A spokesman for Sonora Governor Alfonso Durazo’s office told the Star the project is being executed by the federal Secretary of National Defense, known as SEDENA, and thus the state office could not provide official documentation about the project.

The change in route complements the state’s development plan, supported by the federal government, which includes the $245 million modernization of the port in Guaymas, allowing it to receive large container ships from Asia, Durazo said in a Tuesday news conference.

Part of the plan also aims to relocate the international railroad crossing from the middle of downtown Nogales, Sonora to less populated areas to the east.

These changes are necessary to facilitate commercial exchange between Mexico and the U.S., Durazo said in the news conference. Without moving the railway out of downtown Nogales, the city would be “paralyzed” by the increased rail traffic, he said.

“The modernization of the Guaymas port wouldn’t make sense without the relocation of the railroad tracks” in Nogales, he said.

Residents in Imuris say that explanation isn’t adequate. There aren’t yet concrete plans to move the railroad crossing at the Arizona border, and there are less environmentally and socially destructive routes that could achieve that eastward shift of the train tracks, Siquieros said.

“There is no logic in dividing and destroying Imuris, being that there are more viable alternative routes without so much impact,” she said.

A spokesman for Durazo’s office declined to respond to that point on Friday, citing the federal government’s dominion over the project.

Construction work for a new train line in northern Mexico, in San Lorenzo, Sonora.

One possible explanation, reported by the AP, is that the proposed route will bring rail lines closer to mines owned by Grupo Mexico, parent company of rail operator FerroMex. The new route runs within 10 miles of Santa Cruz, where Grupo Mexico plans to open a open-pit copper mine in 2025, according to the AP.

Impact in Arizona

The anticipated boom in freight traffic between Guaymas and Nogales, Arizona, has raised concerns north of the border, too.

The additional cargo is expected to increase the volume of freight trains passing through Nogales, Arizona, from four to six per day, to as many as 20 trains per day, said Jorge Maldonado, mayor of the Arizona city. 

“I want to get the rail out of Nogales,” Maldonado told the Star. “The rail is presenting some danger already. They come right through the middle of the city now.”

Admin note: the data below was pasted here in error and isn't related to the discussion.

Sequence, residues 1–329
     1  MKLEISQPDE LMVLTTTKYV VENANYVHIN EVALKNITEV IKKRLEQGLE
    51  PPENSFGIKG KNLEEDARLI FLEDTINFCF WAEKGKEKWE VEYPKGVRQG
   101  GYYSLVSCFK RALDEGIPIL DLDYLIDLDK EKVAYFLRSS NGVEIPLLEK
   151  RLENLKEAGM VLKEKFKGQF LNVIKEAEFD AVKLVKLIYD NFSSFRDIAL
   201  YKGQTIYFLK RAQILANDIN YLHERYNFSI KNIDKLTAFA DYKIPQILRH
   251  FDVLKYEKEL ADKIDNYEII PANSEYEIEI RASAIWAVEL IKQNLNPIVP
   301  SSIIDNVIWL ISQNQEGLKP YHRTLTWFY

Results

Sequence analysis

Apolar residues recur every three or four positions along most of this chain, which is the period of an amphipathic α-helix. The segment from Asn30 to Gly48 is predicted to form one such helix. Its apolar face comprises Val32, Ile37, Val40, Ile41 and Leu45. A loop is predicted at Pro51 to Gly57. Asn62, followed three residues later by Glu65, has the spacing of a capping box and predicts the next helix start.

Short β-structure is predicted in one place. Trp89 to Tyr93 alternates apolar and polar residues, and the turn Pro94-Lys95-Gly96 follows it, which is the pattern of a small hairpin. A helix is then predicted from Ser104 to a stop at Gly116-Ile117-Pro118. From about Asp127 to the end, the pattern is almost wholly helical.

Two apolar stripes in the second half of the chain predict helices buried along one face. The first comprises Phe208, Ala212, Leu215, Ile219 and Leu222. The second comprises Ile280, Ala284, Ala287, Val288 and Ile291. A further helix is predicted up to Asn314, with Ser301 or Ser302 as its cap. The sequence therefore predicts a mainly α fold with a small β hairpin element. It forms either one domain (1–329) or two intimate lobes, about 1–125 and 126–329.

Emergency services, fire response and access to the city’s hospital — all on the west side of the tracks — could all be impeded by the additional rail traffic, he said. 

In October 2022, the city’s previous mayor, Juan Francisco Gim Nogales, signed an agreement with the mayor of Nogales, Sonora to begin discussions about shifting the international railroad crossing further east, away from the urban center of both Nogaleses, Maldonado said.

But any kind of construction is a long way off, he said.

Union Pacific, which operates the rail line in Nogales, isn’t yet on board with the idea, Maldonado said. The Omaha, Nebraska-based company told the AP it has no plans to move the track in Nogales.

Militarization in Mexico

For critics, the train project is another example of the growing militarization of Mexico’s public works and law enforcement under President Andrés Manuel López Obrador. The Army has been allowed to bypass normal permitting and environmental standards, as in the case of the Maya Train tourist rail line on the Yucatan peninsula, the AP reported.

Facing court challenges and criticism, López Obrador in 2021 passed a law stating that projects of importance to “national security” would not have to submit impact statements until up to a year after they start construction, according to the AP.

The state of Sonora’a only active role in the project is to help the Army secure the rights-of-way, Durazo said.

State officials have offered residents as little as 1.80 pesos, about 10 cents, per meter for their properties, Siquieros told the Star. Her family was offered a similarly sized home in another location, and a financial settlement, which they refused, she said.

“I would recover my property after they destroyed everything. We did not accept,” she said. “It’s a mockery for all of us.”

A major rail project in Mexico’s Yucatan Peninsula is intended to drive economic development to some of the country’s poorest areas but scientists and environmentalists worry that the project will hurt unique ecosystems nearby.

Contact reporter Emily Bregel at ebregel@tucson.com. On X, formerly Twitter: @EmilyBregel